How To Properly Reverse Sear Meat In The Oven

steak in pan
steak in pan - Lauripatterson/Getty Images

There are all sorts of ways to prepare meat. You can grill it, you can roast it, you can deep fry it -- and you can sear it. Typically, when you sear a steak or a piece of chicken, you hit it with initial high heat to create an outer crust and then finish it in the oven. It's a great way to add a slightly crunchy outer texture that makes every bite fantastic.

But what about reverse searing? That may sound like someone is doing a bit, but it's an actual technique in which you cook a piece of meat in the oven first, then finish it by searing it in a pan. Like any cooking technique, there are some things to know about how to pull it off. You can manage this on the grill, too, although to do so, you basically have to turn your grill into a convection oven -- so let's talk about how it works in the oven.

First, a little bit thicker is better here, no matter which type of meat you're using -- steak, pork chops, or chicken breast. Thin steaks won't take to a reverse sear as well, and they're much more of a pain to try to get a temperature on. Go for the big boys, and make sure to season them before putting them in the oven.

Read more: 11 Ways To Take Your Pork Chop Meals To The Next Level

Lower Temperature In The Oven, Then High Heat On A Sear

thick-cut raw steaks
thick-cut raw steaks - Kryssia Campos/Getty Images

If you're going for a medium-rare steak, your target is an internal temperature of 120 degrees, which should take about 45 minutes at 275 F in the oven. With pork chops, while your ultimate target is 140-145 degrees (or a little less if you want; the dangers of pork cooked to medium are overstated), you should pull it from the oven at 110 degrees (around 30 minutes at 250 F), because sear and rest are going to take it the rest of the way. For chicken breast, you want to bring the internal temperature to 165 degrees, which should be about 35-45 minutes at 325 F. This temperature is more critical than other meats because even slightly undercooked chicken can be a serious hazard for things like salmonella and campylobacter.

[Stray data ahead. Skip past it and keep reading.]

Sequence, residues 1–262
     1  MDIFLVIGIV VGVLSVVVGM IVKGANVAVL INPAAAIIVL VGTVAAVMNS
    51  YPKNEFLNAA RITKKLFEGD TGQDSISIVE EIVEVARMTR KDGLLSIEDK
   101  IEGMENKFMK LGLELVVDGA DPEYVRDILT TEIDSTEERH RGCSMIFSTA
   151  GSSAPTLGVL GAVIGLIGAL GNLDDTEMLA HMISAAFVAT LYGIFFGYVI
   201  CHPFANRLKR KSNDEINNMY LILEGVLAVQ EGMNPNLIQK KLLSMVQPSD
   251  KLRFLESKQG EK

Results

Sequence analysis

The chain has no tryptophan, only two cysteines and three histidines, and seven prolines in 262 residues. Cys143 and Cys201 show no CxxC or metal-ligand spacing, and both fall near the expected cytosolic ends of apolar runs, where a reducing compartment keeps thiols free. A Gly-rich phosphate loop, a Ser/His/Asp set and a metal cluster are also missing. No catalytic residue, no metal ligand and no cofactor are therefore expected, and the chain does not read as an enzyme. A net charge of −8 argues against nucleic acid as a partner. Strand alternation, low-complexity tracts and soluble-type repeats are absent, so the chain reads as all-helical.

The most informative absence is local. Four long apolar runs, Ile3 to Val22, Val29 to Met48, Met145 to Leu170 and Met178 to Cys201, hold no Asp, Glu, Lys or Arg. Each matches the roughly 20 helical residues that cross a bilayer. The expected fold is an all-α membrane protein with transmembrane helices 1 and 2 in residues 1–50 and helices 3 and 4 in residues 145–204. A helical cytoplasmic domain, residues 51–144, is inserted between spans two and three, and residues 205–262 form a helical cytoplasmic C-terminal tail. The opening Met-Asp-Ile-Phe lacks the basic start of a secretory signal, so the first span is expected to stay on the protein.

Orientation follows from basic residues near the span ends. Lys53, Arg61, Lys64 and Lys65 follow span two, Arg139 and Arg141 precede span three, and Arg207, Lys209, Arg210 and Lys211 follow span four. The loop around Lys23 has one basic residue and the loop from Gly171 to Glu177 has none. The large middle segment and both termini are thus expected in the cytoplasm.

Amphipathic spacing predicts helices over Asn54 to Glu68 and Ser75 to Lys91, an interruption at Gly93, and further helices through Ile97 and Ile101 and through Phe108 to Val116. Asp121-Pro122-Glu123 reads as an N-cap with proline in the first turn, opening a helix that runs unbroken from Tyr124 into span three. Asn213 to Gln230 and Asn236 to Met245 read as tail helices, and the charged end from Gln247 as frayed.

Next is the most critical step: Let the meat rest for at least 10 minutes. This allows the muscle fibers in the protein to relax and the juices to soak back into the meat, ultimately leading to a more flavorful meal.

From there, get a pan hot; for pork chops and chicken, you'll want a bit of oil in there since they're leaner. Sear the living heck out of whichever protein for 2 minutes on each side (you can go a little bit less on steak). If it's steak or pork with a fat cap, sear that side down to render it, and boom — a perfect reverse sear.

There Are Plenty Of Benefits To Reverse Searing

cooked pork chops
cooked pork chops - Elena Veselova/Shutterstock

There are benefits to a reverse sear that you don't get with the regular searing process, too. A reverse sear will give you an extremely evenly cooked steak, while the standard sear tends to make the outer parts of the meat a bit more cooked than the interior. You also don't lose any of the steak drippings like you often do with a regular sear; they're right there in the pan afterward, ready to be used in a flavorful sauce.

You also get a crispier crust more quickly because of the Maillard reaction, the browning of proteins and sugars when exposed to high heat. (Fun fact: This same scientific process is also how you get soft pretzels.) While you'll get a Maillard reaction browning whichever searing method you use, it's harder to manage when dealing with a higher moisture level. Cooking your meat in the oven first slightly dries out the surface (but not the interior), meaning that when you go to sear, it'll happen quickly and evenly -- exactly what you want, because it doesn't affect the internal temperature nearly as much.

Read the original article on Daily Meal.